|Sterilisation features||UV sterilisation at nozzle, auto discharge, electrolysis sterilisation of inner pipes||UV sterilisation at nozzle. Supposedly has ‘even cleaner water’ with patented technology that eliminates the need for hidden cooling tanks||Anti-bacteria cartridge at nozzle, auto discharge, electrolysing cleansing of pipes||Internal auto cleaning/ discharge, UV sterilisation at nozzle||Auto discharge, heat pasteurisation|
|Maintenance considerations||Replace two filters every 4 months and 8 months (self-replaceable)||Replace filter every year. Self-replaceable but you will need to unscrew the back panel to access. However, free installation of filters is provided. |
Optional descaling and sterilising service available at an additional $60. Recommended to be done once a year or every two years.
|Replace filter every year. Self-replaceable but not easily accessible. However, free installation of filters is provided.||Self-replaceable filter (once a year)||Self-replaceable filter (once a year)|
|Filter cost||299 (2 years)|
499 (4 years)
|330 (1 year)||380 (1 year)||240 (1 year)||280 (1 year, non-alkaline)|
300 (1 year, alkaline)
|Temperature settings (°C)||4, 25, 40, 87||6, 27, 50, 70, 85||6, 27, 36.5, 50, 70, 85||7 – 17, room, 40-90||4, 25, 40, 75, 90|
|Capacity settings (ml)||120, 250, 550, continuous||120, 250, 550, continuous||120, 250, 550, continuous||110, 250, 500, continuous||120, 550, 1000|
|Pipe material||Stainless steel cooling pipe (per website)|
Stainless steel hot water pipe (claimed by sales rep)
|Stainless steel cooling pipe (per website)|
Stainless steel hot water pipe (claimed by sales rep)
|“Super bio water pipe” (mix of glass and PVC) with water repellent material||LDPE plastic||Full stainless steel|
|Faucet material||ABS plastic||ABS plastic||ABS plastic||ABS plastic||Stainless steel|
|Unique selling points||Value-for-money, retractable nozzle||Patented cooling technology with ‘true tankless’ design allowing for more supply of cold water at once, adjustable height for nozzle to reduce splashing||Smallest above-counter unit, stylish design, anti-bacterial cartridge at nozzle||Motorless design (i.e., no compressor and energy saving), slimmest countertop-only design, filter cleaning function to extend filter life, practical dispensing capacity options (e.g. 250ml, 500ml)||Full stainless steel flow path (from inner pipes to faucet), adjustable height for nozzle to reduce splashing, Bluetooth speaker, front accessible filter, pasteurisation sterilisation feature, relatively fast cold water dispensing speed|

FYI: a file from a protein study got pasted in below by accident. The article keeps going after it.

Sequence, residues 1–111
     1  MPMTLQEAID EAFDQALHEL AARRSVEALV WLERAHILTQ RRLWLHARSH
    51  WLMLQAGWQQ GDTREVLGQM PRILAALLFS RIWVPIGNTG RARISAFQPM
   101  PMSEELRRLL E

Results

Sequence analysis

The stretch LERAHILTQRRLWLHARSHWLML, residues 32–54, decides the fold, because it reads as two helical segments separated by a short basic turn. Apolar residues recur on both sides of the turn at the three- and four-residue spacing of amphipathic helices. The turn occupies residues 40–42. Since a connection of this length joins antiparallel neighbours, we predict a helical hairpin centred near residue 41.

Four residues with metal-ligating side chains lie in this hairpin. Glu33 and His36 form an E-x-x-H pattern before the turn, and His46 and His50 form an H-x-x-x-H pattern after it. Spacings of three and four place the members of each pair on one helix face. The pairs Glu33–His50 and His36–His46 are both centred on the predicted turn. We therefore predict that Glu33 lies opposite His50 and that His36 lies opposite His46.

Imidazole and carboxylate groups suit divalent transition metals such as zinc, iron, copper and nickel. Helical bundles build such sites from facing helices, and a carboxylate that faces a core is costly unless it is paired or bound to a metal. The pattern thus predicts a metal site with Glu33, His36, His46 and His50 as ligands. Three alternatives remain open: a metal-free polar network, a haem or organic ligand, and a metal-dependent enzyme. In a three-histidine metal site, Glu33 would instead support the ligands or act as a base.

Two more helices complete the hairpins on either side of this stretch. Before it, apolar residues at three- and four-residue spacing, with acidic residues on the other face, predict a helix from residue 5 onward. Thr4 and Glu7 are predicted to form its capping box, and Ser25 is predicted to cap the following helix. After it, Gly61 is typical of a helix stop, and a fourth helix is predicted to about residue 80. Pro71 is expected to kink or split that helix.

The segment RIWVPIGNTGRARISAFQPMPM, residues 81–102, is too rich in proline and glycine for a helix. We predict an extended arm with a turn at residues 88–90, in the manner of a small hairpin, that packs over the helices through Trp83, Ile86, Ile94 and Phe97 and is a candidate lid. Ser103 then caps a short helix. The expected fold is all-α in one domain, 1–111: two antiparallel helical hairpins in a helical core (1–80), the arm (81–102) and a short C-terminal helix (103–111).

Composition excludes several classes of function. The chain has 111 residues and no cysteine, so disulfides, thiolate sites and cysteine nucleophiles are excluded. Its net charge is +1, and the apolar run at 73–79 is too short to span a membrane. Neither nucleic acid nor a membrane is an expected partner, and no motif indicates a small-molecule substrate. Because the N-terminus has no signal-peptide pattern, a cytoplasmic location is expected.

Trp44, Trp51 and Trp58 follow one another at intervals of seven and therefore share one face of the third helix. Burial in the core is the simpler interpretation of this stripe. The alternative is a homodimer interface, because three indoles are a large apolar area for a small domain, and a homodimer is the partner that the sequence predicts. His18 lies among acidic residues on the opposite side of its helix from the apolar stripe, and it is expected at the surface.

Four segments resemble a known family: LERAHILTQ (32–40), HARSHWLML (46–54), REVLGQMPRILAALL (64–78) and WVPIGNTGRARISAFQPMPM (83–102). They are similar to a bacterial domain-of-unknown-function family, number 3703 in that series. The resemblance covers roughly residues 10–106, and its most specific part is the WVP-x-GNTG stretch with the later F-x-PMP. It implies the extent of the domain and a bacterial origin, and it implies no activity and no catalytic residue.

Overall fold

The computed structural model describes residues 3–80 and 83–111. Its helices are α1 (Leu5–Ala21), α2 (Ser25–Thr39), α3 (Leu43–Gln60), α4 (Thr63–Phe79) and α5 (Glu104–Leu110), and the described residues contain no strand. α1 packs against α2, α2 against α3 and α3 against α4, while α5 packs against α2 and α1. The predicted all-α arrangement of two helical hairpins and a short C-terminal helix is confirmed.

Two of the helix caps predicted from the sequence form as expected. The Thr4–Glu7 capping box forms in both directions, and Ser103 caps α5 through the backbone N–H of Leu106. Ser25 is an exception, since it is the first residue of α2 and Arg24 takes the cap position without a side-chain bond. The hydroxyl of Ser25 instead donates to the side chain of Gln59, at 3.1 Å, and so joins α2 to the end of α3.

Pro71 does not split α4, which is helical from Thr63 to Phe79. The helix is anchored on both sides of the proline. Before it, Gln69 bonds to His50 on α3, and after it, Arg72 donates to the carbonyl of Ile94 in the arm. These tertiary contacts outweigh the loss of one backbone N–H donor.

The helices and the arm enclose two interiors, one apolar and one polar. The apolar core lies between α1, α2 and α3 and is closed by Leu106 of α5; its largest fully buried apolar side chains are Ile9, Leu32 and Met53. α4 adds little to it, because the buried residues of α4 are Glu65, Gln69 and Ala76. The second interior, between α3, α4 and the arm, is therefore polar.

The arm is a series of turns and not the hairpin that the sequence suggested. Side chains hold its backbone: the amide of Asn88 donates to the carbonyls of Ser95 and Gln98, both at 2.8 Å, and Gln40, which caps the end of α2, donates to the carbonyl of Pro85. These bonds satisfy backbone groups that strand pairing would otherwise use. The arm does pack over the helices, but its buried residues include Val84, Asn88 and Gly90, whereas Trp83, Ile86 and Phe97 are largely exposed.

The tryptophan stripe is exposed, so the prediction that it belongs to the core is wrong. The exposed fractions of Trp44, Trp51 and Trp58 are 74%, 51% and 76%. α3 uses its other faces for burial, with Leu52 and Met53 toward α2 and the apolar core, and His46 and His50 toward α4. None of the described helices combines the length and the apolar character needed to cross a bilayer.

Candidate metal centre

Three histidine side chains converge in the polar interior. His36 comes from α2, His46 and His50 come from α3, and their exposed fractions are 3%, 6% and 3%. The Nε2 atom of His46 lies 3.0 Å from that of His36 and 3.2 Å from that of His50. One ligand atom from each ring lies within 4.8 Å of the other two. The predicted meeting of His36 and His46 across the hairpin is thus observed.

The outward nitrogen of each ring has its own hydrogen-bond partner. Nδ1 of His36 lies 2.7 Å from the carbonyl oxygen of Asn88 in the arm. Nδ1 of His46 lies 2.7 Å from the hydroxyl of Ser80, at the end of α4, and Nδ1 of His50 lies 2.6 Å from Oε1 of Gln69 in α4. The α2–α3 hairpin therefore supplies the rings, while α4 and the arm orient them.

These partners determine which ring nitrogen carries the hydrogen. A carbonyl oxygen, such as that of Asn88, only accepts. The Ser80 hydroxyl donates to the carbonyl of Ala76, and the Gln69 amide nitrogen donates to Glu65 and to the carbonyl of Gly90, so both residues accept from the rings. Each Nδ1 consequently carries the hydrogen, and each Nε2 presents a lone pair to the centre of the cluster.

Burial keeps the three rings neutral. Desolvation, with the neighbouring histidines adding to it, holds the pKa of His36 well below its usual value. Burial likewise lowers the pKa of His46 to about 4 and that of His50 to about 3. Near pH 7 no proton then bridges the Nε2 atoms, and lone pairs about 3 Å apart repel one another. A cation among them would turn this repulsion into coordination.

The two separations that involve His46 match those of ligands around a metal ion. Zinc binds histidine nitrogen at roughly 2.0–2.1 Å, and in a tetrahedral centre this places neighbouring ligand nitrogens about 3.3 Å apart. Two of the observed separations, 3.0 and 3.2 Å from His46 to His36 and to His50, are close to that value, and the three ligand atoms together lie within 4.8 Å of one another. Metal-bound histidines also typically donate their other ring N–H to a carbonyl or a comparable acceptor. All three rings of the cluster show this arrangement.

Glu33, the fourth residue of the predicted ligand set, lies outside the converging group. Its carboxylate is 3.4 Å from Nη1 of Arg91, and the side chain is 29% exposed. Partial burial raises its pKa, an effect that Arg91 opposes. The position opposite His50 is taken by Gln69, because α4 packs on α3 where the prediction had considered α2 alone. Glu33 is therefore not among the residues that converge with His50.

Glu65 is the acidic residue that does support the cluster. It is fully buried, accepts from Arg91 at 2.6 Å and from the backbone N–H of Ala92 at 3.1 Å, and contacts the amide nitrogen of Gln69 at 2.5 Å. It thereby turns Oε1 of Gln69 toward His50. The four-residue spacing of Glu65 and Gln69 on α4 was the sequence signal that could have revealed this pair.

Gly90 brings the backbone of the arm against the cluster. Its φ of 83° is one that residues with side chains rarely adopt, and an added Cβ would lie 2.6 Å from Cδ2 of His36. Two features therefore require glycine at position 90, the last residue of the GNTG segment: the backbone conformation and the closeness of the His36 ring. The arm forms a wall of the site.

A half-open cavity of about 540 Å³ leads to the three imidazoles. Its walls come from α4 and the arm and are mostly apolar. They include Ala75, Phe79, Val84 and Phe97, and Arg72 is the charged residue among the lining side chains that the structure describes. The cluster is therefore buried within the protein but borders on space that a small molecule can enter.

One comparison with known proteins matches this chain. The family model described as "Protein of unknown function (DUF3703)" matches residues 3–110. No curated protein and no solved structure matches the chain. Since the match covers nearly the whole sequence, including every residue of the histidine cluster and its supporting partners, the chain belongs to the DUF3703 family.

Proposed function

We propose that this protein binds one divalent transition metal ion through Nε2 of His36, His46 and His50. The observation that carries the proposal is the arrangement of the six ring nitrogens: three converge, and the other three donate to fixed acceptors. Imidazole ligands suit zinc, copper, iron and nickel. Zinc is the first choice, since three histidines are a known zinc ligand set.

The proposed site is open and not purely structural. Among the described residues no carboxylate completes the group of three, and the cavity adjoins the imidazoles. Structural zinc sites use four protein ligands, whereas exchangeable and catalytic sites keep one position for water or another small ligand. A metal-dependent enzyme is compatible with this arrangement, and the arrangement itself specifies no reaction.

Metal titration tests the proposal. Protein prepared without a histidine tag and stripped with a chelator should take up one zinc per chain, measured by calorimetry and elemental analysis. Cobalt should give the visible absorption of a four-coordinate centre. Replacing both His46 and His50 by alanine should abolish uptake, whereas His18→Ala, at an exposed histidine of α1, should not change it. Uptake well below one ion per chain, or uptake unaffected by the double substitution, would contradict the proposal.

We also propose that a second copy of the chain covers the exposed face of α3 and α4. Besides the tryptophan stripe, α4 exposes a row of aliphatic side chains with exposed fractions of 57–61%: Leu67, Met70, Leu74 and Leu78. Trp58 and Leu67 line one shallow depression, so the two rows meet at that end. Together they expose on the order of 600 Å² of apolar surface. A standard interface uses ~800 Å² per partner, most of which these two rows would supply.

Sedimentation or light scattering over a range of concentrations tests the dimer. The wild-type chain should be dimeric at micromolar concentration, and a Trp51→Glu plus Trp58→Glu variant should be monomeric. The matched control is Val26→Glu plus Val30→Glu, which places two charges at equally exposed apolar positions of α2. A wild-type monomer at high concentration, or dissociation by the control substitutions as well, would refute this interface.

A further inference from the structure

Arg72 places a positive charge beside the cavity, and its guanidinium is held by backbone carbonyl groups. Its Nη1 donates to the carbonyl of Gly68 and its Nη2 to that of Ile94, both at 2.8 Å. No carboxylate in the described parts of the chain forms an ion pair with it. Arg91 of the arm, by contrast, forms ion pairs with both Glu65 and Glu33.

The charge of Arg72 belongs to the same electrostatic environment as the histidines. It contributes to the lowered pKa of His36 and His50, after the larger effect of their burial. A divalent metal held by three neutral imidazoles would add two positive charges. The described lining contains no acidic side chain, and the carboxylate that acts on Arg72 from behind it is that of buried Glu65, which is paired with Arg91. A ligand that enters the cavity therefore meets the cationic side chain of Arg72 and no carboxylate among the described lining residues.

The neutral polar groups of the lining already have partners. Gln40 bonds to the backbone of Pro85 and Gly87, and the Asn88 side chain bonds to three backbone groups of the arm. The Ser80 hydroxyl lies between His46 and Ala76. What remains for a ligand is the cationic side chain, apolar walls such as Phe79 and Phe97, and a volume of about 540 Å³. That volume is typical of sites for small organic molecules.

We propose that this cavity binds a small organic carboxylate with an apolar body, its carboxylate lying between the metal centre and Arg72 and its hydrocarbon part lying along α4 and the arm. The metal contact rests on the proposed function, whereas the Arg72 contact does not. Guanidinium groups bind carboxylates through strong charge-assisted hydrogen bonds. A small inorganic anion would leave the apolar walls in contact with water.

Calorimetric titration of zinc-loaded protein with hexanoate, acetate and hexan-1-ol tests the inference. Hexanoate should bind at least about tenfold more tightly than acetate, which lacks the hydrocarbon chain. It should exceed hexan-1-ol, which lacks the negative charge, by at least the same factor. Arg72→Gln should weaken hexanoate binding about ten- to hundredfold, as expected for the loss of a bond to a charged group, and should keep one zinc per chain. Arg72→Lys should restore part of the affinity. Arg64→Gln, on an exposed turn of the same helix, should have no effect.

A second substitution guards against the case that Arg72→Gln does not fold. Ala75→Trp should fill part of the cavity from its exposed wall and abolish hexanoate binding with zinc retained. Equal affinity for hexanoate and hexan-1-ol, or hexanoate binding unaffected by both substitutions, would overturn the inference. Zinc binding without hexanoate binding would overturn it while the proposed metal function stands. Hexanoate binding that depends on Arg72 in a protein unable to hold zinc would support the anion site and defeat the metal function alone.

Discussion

|Cons||No nano-filtration feature, OEM product, no 500ml dispensing option||Harder to change water filter, no inner pipe sterilisation feature, no 500ml dispensing option||Harder to change water filter, big water filtration unit below, no UV sterilisation, no 500ml dispensing option||No inner pipe sterilisation feature, high water wastage due to motorless design, cold water is not very cold||No UV sterilisation feature, alkaline filter requires additional intermediate piping, no 500ml or continuous dispensing options|
Launched just last year (the company itself was just incorporated in 2021), Sterra has, within a span of a couple of months, become a household name (at least for those in the market for a water purifier) perhaps in part due to its marketing prowess. Compared to the other brands on this list, Sterra seems to be the most savvy in terms of social media outreach and reaching out to influencers and celebrities. Customers are also incentivised to leave photo reviews so as to extend the warranty for the touch panel and water leakage to lifetime. While on one hand, it’s good to have a large pool of user reviews from which to draw inferences from, on the other hand, the reviews may be biased or unhelpful (like those reviews on Qoo10, Shopee or Lazada where people leave 5-star reviews but claim not to have tested or used the product yet).